Interact Analysis’s recent Manufacturing Industry Output (MIO) Tracker update puts the 2020 value of the food and beverage production sector at or near the top of the industry league table in all the regions the MIO covers. The industry accounted for a massive 30% of MIO value for the UK, and over a quarter of total value for Brazil and France, while major players such as the US and China registered figures of 19% and 12% respectively. These figures are significant, but where did this put the food and beverage machinery sector in 2020? Our analysts have found that the sector was knocked back by the pandemic, particularly in European countries, but steady year-on-year growth is expected up to 2025.
2020: The COVID-19 effect: down, but by no means out
The figure above demonstrates how, historically, food and beverage machinery revenues have shadowed food and beverage production rates. 2020, the year of the pandemic, however, saw the machinery sector struggle as factories slowed or shut down; and order-books remained empty as food and beverage producers reduced investment in the face of the uncertainties caused by COVID-19.
The machinery sector has actually seen a decline in year-on-year growth since 2018 when it reached a relative high-point of 10% growth, not surpassed since 2011. The chart below shows historic growth in the industry, and also describes how Interact Analysis has had to revise its forecasts in the face of the COVID-19 shock. Our latest data set puts growth for 2020 at -6%, giving the food and beverage machinery sector a global production value of $57.8bn for 2020.
The main driver of decline in the sector in 2020 has been the sluggish market in Europe, which accounts for 59% of the total market size, as the region struggled badly with the virus.
2021-2025: Not exactly a bounce-back, but a recovery nonetheless
Unlike some sectors which may take years to recover to pre-COVID levels owing to longer-term decreased demand – aeronautics and automotive come to mind – the demand for food and drink is sure to remain a constant and so the food and beverage machinery sector will recover in a relatively short time. Our analysts predict that food and beverage machinery will in the long term only suffer a minimum negative impact from the pandemic. Major regions, with the exception of Europe, are expected to return to 2019 levels by 2022 at the latest. Europe’s rebound will be slower, dragging down global forecasts for the sector. We are positing global growth of 3.8% for 2021, which is a slower recovery than we previously expected.
On the chart above, which shows the time expected for the top 10 countries for food and beverage machinery production to recover to 2019 levels, the red dotted line marks the point at which 2019 levels of production are reached. We can see on the chart a marked difference between the performance of the sector in countries such as China and Germany. Interact Analysis’s research has concluded that the biggest dip in revenues for 2020 will be in Germany and in Italy, being of the order of -13.4% and -14.9% respectively. APAC saw slight growth in most regions in 2020, with the exception of India, whilst in the USA, growth was flat. Beyond 2020, the chart clearly illustrates a steady uptick in growth for the sector in all regions up to 2025, as the pandemic is left behind. Interestingly, the highest CAGRs for the period 2021 – 2025 are two of the major casualties of 2020, Italy, and Germany, and also the USA, the figures being, respectively, 6.3%, 4.7% and 5.0%. Brazil has been predicted to end up with the lowest CAGR for the period – an unenviable 2.2%.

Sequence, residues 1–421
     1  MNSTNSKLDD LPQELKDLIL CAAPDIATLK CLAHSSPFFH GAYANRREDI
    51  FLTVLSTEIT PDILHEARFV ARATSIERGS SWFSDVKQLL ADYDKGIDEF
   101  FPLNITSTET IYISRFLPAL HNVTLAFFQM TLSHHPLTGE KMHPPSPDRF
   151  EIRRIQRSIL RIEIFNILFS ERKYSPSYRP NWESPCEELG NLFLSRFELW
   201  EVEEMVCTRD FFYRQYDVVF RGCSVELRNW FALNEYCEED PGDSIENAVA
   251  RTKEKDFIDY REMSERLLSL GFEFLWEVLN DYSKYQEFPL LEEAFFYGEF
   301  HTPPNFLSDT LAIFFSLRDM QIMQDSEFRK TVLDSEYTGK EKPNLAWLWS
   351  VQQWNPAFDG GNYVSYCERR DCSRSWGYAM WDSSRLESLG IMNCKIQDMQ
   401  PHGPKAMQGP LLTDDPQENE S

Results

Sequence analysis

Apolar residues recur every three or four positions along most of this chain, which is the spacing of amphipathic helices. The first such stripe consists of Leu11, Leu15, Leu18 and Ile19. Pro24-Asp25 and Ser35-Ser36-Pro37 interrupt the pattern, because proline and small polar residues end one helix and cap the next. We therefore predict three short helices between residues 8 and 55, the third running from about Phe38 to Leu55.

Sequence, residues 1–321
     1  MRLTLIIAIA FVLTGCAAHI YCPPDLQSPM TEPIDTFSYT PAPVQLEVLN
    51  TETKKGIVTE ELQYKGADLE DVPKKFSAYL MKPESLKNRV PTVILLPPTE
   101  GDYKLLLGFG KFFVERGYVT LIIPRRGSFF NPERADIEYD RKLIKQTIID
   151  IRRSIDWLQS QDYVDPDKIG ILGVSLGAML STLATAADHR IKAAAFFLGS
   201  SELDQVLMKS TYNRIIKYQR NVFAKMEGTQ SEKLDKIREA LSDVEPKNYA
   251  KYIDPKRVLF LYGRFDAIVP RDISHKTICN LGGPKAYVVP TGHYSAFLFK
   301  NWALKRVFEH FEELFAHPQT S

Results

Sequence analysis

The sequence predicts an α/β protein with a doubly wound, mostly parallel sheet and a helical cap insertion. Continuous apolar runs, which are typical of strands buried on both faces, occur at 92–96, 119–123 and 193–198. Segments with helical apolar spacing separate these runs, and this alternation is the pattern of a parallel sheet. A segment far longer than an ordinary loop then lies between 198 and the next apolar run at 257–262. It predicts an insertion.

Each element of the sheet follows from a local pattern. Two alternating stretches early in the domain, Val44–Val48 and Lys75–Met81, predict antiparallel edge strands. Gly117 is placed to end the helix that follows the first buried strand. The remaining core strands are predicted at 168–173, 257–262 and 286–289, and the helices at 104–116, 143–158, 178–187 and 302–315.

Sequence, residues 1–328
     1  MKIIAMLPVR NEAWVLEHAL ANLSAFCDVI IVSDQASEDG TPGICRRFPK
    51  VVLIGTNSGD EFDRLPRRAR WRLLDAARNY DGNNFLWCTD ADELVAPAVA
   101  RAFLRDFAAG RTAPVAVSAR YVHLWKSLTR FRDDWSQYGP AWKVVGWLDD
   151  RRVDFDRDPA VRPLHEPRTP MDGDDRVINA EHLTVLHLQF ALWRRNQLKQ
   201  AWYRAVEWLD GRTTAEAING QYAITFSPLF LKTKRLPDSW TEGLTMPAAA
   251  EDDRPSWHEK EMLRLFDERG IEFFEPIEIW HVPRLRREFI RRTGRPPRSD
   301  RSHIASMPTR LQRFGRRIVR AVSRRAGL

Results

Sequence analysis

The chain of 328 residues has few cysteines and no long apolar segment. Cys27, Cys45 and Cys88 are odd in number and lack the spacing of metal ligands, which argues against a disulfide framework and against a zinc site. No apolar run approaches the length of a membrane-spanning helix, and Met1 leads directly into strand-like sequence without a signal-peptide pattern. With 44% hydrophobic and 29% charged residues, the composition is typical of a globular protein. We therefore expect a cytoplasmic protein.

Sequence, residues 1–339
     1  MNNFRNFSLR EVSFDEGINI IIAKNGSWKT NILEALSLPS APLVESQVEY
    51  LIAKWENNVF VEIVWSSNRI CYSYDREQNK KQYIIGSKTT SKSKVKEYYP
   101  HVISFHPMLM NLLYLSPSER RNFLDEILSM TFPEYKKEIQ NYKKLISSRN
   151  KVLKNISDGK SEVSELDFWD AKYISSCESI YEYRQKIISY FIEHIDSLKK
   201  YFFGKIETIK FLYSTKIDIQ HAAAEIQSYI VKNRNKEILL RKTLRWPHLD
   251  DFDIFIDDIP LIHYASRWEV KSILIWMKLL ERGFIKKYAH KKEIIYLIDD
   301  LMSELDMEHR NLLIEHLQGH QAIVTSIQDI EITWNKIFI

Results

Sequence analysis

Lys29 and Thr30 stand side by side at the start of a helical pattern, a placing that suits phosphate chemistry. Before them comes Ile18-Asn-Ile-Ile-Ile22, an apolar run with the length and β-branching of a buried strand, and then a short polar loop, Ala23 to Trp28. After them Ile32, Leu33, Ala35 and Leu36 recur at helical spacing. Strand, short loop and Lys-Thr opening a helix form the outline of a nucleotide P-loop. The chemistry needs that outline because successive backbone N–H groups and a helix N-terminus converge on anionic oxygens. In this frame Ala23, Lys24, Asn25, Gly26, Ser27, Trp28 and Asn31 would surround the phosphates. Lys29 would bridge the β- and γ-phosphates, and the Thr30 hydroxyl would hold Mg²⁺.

Technological advance in the world of food and beverage machinery: the COVID boost
Plague pandemics may keep us all at home and shut down factories, but they won’t stop the inexorable advance of technology. The food and beverage machinery industry is as much in the thrall of technological innovation as any other sector. In October 2020, Louis Biscotti, a contributor to Forbes, reported on some of the innovations coming on stream: “Tech is revolutionizing food and beverage as the COVID-19 crisis accelerates the pace of robotics and AI. Computers help manage supply chains and reduce waste, and software helps control costs, order inventory, and stock shelves.” Some of the reported advances are highly impressive. AI is being incorporated into the food sorting process, for example, with software, sensors, and cameras such as in machinery developed by Tomra Systems to analyse the size, shape and colour of French fries and the fat content of meat. Or Key Technology’s laser sorter which can use shape recognition technology to identify and remove impurities from fresh farm produce.
Louis Biscotti says that, in technological terms, the future is now for the food and beverage machinery sector. And our MIO Tracker shows that, from the perspective of market growth as well, the post-COVID future looks bright.
To continue the conversation about the food and beverage machinery market, please contact Adrian direct on Adrian.Lloyd@InteractAnalysis.com